The Philosophy of the Coen Brothers (Philosophy Of Popular Culture)
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Even in lighter fare, such as Raising Arizona and The Big Lebowski, the comedy emerges from characters' journeys to the brink of an amoral abyss. However, the Coens often knowingly and gleefully subvert conventions and occasionally offer symbolic rebirths and other hopeful outcomes. At the end of The Big Lebowski, the Dude abides, his laziness has become a virtue, and the human comedy is perpetuating itself with the promised arrival of a newborn Lebowski.
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The Philosophy of the Coen Brothers sheds new light on these cinematic visionaries and their films' stirring philosophical insights. A select few of their protagonists find affirmation and redemption, but for many others, the quest for answers leads, at best, only to more questions.
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Mark T. Conard is assistant professor of philosophy at Marymount College. He lives in New York, New York. Acknowledgments vii Introduction Mark T. Douglass Jerry L. See All Customer Reviews.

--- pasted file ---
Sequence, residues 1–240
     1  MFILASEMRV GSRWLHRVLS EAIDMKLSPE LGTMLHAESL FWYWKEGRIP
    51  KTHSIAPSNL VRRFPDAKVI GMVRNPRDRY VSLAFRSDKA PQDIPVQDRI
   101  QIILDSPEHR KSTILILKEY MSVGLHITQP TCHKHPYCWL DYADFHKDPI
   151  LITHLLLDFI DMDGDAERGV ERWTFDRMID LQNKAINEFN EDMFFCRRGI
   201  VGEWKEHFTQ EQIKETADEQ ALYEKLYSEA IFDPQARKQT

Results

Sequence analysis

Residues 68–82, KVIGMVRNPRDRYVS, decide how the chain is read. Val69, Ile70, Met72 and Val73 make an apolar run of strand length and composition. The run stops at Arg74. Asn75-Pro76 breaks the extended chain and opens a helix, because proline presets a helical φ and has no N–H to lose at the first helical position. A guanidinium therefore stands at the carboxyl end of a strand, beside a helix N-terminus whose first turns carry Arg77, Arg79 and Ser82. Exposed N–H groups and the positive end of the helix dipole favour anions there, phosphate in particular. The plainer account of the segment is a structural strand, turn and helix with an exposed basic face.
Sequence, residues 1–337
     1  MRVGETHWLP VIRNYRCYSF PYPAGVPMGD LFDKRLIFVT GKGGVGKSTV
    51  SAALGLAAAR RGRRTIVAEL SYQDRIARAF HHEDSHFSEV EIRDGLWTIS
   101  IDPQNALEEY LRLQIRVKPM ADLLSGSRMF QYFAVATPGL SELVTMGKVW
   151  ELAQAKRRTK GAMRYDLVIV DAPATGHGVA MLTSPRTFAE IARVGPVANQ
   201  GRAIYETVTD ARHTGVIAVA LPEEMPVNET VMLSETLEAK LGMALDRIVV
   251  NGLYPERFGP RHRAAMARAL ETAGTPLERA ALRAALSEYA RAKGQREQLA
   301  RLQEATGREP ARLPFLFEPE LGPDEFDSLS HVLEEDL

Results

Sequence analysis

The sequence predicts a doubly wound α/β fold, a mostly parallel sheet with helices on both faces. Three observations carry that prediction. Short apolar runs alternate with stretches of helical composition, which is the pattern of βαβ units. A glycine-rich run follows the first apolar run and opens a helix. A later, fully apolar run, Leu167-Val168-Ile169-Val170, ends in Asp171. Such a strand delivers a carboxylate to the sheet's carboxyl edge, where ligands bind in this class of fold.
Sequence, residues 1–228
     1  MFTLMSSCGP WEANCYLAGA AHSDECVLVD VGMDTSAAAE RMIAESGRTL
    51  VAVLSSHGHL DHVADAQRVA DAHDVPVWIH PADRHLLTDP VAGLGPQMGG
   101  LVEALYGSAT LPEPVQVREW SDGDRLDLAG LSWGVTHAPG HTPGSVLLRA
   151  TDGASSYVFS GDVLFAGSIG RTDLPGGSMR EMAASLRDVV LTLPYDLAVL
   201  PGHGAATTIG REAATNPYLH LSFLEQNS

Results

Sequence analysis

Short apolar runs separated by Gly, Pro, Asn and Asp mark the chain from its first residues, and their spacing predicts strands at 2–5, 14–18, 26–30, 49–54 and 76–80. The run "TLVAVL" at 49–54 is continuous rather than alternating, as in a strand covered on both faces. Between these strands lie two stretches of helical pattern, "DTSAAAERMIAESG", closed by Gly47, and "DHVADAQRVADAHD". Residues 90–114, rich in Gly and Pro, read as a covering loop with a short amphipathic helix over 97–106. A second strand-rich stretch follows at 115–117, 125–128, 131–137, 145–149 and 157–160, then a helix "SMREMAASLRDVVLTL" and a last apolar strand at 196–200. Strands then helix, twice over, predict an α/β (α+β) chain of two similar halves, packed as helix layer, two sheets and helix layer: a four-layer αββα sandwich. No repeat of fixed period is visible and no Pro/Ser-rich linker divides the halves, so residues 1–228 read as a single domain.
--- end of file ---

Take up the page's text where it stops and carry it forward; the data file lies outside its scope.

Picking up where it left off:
The Philosophy of Neo-Noir : Mark T. Conard :
Shop Textbooks. Unlike Donny , the Coens always seem to be in their element.
troscavacigus.cf Do the Coen brothers have a bad movie in their filmography? No -- which means this fine but flawed screwball comedy, about an arrogant divorce attorney George Clooney falling for his client's scheming wife Catherine Zeta-Jones , lands at the bottom of our list. Despite bits of divinely moronic dialogue, a deep supporting cast, and some clever third-act twists, the movie never comes together, due to a basic lack of chemistry between the leads.
Clooney's idiotic lawyer is too smug to make the central romance palpable, making the film feel like a cynical rom-com exercise. But, like watching a great basketball player take warm-up shots, it can be transcendent just watching these guys practice. The Coens' transplanting a British heist movie to a Southern-fried Mississippi town makes perfect sense.
Gospel music drifts through the air, blood is easily shed in flashes of the brothers' wry juxtaposition. It's the anti- Ocean's Eleven , until the antics takeover. Though the Coens never skimp on the artistry, this kooky caper paints it all on the surface. For a while there, it seemed like a Coen brothers TV series by way of Netflix was not the way. As with any anthology -- even one made by the Coens -- the results can be hit or miss.
There are no true duds in Buster Scruggs , but some segments pack more of a punch than others, making the experience somewhat disjointed. Naturally, the casts they've assembled are top notch: Tim Blake Nelson is the titular singing gunslinger, Tom Waits is an ornery gold hunter, Liam Neeson is a craggly traveling entertainer, Zoe Kazan is a naive traveler. Still, what's most appealing is the cynical eye they've turned on the blue sky idealism of a quintessentially American genre to talk about how death is coming for us all. The movie that reignited the bluegrass movement is also a wily, fantastical comedy in its own right.